None of the 23 activists subpoenaed under the grand jury investigation for possible material support for terrorism have ever been charged after six years. But that investigation that disrupted the lives of the 23 activists led to the Justice Department targeting Odeh. Just like for the great majority of the 23 activists, the only reason Odeh was being investigated was for the non-crime of being a proponent of Palestinian rights.
Over the last four years, there has been an ongoing campaign targeting Palestine activists at the college level, especially those in the Students for Justice in Palestine (SJP) who have organized increasingly successful student government resolutions supporting the Boycott, Divestment, Sanctions (BDS) movement against investments that profit from Israel’s military occupation of Palestine.
Palestine Legal, an independent organization dedicated to protecting the civil and constitutional rights of people in the U.S. who speak out for Palestinian freedom, has reported on their efforts to combat the escalated intimidation against members of Students for Justice in Palestine on California campuses; the lawsuit announced last week against the American Studies Association (ASA) for adopting a boycott of Israeli academic institutions; as well as the ongoing anti-BDS legislation in California, Ohio, and Georgia.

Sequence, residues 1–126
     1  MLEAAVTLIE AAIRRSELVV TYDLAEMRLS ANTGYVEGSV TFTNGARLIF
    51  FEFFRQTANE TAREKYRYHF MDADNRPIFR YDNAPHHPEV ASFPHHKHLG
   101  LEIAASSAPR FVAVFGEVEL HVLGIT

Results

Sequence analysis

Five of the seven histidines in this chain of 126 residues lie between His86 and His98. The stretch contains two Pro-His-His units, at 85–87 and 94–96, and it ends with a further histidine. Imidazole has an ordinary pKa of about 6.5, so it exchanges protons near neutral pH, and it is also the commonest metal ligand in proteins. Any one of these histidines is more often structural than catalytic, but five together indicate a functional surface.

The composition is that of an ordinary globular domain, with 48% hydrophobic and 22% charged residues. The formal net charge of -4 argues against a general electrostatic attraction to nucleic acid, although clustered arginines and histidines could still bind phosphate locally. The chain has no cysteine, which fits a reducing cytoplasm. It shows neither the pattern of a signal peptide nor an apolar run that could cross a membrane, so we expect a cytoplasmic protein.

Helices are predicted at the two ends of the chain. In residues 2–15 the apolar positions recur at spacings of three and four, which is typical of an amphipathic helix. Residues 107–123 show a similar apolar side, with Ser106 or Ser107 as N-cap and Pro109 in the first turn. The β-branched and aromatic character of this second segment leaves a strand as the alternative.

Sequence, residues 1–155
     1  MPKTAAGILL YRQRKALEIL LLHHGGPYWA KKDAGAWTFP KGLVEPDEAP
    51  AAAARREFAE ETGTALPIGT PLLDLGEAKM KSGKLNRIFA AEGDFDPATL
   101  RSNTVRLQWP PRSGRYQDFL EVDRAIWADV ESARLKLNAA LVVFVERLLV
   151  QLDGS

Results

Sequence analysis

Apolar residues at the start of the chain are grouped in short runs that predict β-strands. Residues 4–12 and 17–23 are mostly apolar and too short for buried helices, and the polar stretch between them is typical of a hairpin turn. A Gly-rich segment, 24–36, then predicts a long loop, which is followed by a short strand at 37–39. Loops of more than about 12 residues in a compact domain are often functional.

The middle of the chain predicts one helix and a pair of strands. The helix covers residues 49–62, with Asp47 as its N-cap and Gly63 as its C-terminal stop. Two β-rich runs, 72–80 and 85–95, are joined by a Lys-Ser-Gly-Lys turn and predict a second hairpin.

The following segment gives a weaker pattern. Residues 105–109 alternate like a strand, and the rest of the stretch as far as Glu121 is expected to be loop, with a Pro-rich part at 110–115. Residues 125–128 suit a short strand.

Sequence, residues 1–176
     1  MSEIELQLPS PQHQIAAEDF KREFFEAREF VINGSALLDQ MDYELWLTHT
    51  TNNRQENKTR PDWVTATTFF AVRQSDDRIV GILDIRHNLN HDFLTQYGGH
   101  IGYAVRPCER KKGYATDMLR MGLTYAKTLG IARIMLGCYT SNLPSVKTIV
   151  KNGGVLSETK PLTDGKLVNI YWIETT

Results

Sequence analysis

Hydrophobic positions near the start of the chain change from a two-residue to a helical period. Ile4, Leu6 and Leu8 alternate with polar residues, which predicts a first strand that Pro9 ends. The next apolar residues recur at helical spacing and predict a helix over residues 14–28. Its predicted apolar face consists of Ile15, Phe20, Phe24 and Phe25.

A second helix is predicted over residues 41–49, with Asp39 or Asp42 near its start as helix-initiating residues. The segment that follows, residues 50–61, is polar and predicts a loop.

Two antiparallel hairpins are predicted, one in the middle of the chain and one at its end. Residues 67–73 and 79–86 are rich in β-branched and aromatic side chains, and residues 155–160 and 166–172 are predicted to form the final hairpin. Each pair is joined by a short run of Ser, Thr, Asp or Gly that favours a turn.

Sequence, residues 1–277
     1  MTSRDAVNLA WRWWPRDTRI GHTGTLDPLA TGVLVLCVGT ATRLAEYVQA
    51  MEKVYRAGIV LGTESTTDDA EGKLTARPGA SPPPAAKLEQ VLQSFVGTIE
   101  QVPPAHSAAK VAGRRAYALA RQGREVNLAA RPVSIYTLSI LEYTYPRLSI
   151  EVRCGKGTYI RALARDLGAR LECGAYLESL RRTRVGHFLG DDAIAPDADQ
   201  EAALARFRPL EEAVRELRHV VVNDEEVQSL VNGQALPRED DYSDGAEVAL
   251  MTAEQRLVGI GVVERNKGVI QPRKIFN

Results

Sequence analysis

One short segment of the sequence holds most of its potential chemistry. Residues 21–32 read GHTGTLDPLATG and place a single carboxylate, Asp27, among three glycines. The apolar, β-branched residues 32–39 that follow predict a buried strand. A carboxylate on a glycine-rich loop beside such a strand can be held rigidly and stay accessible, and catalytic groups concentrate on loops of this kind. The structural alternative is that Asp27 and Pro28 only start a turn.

Odeh was first targeted six years ago, indicted for an act that occurred twenty years ago, and she and her supporters are still trying to prevent her from losing her citizenship and being deported. Like Muhammad Salah, the story of a prejudicial military justice system and officials with a history of torturing detainees is given precedence in a U.S. court over someone who is fighting for Palestinian self-determination. SJP activists practicing American freedom of speech by promoting a non-violent method of pressuring Israel to live up to international law and human rights obligations is attacked by Israeli-government funded groups and U.S. state legislators for being anti-Semitic. The leading Democratic candidate for President, Hillary Clinton, stated in a speech at the annual policy conference of the American Israeli Public Affairs Committee (AIPAC)
“Many of the young people here today are on the front lines of the battle to oppose the alarming Boycott, Divestment, and Sanctions movement known as BDS. Particularly at a time when anti-Semitism is on the rise across the world, especially in Europe, we must repudiate all efforts to malign, isolate, and undermine Israel and the Jewish people.”